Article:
As it is, her clash with Namajunas starts off the title-fight triple-header and the match-up is a sensational one.
The high-speed Pole brings relentless volume and an ability to fight at a tornado pace for the full 25 minutes.
She breaks opponents down with strikes from any limb and is equally as cruel outside the Octagon as she is in it.
Indeed, extra heat has been added to the mix after Jedzrejczyk touched on the sensitive personal past of Namajunas by labelling her “mentally unstable”.
In reality no trash talk is required because the styles make for a fascinating fight.
Jedzrejczyk’s elite-level striking will be challenged by Namajunas’s slick submission work with either a fight-ending choke or stand-up clinic likely to play out.
Jedzrejczyk R4 TKO
Nothing beats a good rivalry – especially a genuine one.
Too often the UFC has had grudge matches built on artificial disdain but that is far from the case with former team-mates Garbradnt and Dillashaw.
Not only does this bout have the backdrop of personal bad blood but it also has two of the very best at 135lbs going toe-to-toe.
The story is a well read one but for the uninitiated a brief timeline will suffice to hook you in.
Dillashaw left Team Alpha Male under a cloud of controversy. Garbrandt is a former training partner and TAM loyalist.
Dillashaw’s dispute with the team soon saw Garbrandt thrust into the role of TAM frontman and the pair coached against each other on a fierce season of The Ultimate Fighter.
The bad blood boiled and it all leads to an explosive bout come fight night. The emotive undercurrent is just one aspect of interest, though.
Both are highly skilled fighters with their own twist of violence. Dillashaw is a fighter who creates more angles than a protractor with his ‘neo-footwork’ harder to read than any maths exam.
He’s precise and powerful with his methodical approach married to an endless gas tank.
Then there is the champion, a physical phenom with an lion-heart. His boxing skills are arguably the best in MMA with his hand speed blurring and his fists fearful.
Both are elite-level wrestlers, both have outstanding striking and they both hate each other – sit back an bust out the popcorn for this one.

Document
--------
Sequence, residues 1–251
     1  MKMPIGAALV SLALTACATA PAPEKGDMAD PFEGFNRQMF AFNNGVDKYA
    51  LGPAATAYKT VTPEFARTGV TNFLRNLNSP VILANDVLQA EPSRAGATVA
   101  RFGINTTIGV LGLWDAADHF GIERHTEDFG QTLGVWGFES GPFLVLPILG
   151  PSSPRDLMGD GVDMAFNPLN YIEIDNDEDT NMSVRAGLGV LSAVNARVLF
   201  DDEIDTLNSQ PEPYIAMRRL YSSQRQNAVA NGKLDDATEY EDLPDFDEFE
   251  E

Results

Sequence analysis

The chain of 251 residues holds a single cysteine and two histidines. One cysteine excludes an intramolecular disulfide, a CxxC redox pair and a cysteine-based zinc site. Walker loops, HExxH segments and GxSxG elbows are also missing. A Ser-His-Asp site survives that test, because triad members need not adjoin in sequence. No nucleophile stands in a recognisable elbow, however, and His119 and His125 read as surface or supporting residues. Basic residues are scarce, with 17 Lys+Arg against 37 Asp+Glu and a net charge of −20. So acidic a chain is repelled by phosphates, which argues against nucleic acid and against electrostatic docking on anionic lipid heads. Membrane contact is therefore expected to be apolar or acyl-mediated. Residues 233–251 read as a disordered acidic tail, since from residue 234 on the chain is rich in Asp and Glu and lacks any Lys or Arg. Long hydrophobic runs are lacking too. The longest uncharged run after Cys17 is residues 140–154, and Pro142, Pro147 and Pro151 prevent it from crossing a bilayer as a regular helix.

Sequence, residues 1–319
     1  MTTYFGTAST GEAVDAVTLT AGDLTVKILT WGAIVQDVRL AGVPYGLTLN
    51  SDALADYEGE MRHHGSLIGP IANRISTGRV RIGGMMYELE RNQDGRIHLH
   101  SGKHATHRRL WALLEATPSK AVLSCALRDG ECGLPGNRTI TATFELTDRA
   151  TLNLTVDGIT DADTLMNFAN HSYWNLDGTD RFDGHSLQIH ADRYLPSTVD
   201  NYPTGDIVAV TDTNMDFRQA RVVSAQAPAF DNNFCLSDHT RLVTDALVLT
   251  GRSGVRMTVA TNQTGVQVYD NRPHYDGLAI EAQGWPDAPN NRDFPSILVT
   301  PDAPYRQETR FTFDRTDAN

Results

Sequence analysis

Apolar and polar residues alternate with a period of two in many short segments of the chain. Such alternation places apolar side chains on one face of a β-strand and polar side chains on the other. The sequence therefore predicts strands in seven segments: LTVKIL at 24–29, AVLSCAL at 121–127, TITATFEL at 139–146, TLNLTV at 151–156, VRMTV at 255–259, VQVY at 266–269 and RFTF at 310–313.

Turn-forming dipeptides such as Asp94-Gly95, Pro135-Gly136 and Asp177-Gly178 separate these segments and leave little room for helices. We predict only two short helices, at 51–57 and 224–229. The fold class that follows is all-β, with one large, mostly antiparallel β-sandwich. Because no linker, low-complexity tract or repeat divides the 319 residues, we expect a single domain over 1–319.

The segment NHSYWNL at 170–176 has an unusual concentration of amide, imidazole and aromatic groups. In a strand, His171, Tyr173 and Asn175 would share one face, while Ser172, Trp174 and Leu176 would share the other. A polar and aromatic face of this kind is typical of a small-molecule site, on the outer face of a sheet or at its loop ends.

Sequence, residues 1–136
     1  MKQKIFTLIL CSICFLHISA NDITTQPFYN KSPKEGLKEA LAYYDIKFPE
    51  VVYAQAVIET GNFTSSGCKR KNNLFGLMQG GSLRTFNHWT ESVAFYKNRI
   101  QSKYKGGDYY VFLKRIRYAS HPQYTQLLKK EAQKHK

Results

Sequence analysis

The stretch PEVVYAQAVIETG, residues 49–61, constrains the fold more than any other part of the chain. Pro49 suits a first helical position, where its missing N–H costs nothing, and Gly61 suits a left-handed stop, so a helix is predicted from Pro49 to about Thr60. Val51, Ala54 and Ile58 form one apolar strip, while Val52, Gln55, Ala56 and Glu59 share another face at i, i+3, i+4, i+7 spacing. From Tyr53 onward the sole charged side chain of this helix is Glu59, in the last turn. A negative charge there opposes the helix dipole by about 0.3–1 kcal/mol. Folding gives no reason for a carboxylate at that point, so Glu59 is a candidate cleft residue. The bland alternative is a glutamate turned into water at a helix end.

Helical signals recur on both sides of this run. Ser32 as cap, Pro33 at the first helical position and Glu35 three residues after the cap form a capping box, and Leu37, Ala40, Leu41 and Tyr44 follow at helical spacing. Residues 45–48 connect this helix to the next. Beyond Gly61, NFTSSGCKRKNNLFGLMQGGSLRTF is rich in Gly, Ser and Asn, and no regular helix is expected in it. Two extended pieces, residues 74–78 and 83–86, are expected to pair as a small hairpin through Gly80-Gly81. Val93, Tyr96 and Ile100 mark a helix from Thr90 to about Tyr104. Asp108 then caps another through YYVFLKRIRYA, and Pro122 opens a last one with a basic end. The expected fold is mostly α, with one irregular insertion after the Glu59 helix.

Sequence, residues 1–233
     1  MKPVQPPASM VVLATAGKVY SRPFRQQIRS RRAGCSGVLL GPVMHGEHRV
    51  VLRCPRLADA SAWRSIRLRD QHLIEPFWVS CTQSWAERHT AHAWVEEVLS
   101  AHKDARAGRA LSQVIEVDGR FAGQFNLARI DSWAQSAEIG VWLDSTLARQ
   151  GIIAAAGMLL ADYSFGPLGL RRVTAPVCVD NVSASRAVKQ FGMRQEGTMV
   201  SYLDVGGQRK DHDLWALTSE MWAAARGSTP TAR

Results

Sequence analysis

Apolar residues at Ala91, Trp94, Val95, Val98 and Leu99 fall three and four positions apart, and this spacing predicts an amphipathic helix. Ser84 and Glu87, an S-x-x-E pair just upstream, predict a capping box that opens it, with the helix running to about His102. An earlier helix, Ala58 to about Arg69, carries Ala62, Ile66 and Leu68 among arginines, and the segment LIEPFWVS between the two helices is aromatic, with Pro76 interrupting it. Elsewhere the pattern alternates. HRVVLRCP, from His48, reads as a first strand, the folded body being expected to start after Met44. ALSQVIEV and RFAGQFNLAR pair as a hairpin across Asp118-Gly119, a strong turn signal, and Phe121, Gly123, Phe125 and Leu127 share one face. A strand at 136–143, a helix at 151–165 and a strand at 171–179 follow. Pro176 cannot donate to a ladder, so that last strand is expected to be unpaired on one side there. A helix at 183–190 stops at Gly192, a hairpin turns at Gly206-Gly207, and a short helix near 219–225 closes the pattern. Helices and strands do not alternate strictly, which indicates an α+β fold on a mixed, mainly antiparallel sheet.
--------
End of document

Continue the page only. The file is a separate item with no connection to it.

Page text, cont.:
Garbradnt, majority decision
Before Conor McGregor’s emergence, the best trash talking European fighter was Michael Bisping and the biggest PPV star was Georges St-Pierre.
Both have since had their titles ripped away by the divisive Irishman but it does not make this main event less interesting by any stretch of the imagination.
The unknowns and knowns are what make this fight fascinating.
And we’ll start with the knowns. Bisping is the middleweight champion and GSP is returning from a near four year sabbatical.
The two are in the twilight stages of their career with the champ aged 38 and the challenging Canadian 36.
The Brit is the naturally bigger man with GSP moving up from the division he dominated and that’s where the unknowns come into the equation.
GSP is fighting 15lbs above welterweight and is four years older since his last fight against Johny Hendricks. No one really knows what version of the welterweight GOAT we’re going to see.
His evolution from slick kickboxer to smothering wrestler in the latter part of his career makes you wonder what iteration of GSP will be on display given his age, weight class and opponent.
And for all Bisping’s criticism having fought a 46-year-old Dan Henderson after shocking Luke Rockhold to take the belt, he’s better than ever.
His footwork is smart and limitless while his ‘pillow punches’ now pack power.
It’s the older, bigger but active champion against a king of old back to claim a new throne to join an exclusive dynasty of two-weight titlists.
Bisping, unanimous decision
Gokhan Saki knocked the senses out of Henrique Da Silva and then delivered a message to the rest of the UFC light-heavyweight division – be ready.
The 33-year-old was comfortably the most intriguing takeaway from UFC Japan as he made a stunning start to his career with the premier MMA promotion.
And his thunderous first-round stoppage didn’t just practically sleep the Brazilian, but it also woke a division which has been dazed and disorientated after Jon Jones was stripped of the title again.
Light-heavyweight has been crying out for an injection of new talent and while the window of opportunity is not quite so open with Saki turning 34 next month, the next 12 months will certainly be entertaining.
The “Turkish Tyson, who lives in Dubai and began his preparations from a 29-month layover in the Emirate, bounced bombs off his durable adversary with laser-like precision.
But that’s nothing new. Saki is a kickboxing legend, after all, a fighter with nearly 100 pro fights and a marriage of skill and mental fortitude which saw him compete against anyone at any weight.
His striking credentials were always going to impress but beyond the stoppage was two key elements of analysis – takedown defence and cardio.
Da Silva failed to complete a single takedown but Saki’s ability to snuff them out was built on strength rather than technique and it meant he faded before his seismic finish.
Granted, the three minute rounds in kickboxing vastly contrast five in MMA but it’s an area which the Turkish-Dutch fighter will point to for improvement.
With only four months of genuine wrestling practice, though, he displayed excellent defence and more development will mean he’s a genuine threat.
While the preference would be to build Saki up slowly to better prepare him for the wrestle-heavy background of occupants inside the top-10, ultimately, at his age and with his mileage on the clock, time is no luxury.
That’s something Saki himself realises, though.
“I stopped for two-and-a-half years, and I’m not back just to take part in the UFC and tell people I’m a UFC fighter,” Saki said in his post-fight press conference. “I’m here to take over.”
The warning was ominous and it’s backed by an impressive performance – the rest of the 205lbs division better take notice and be ready.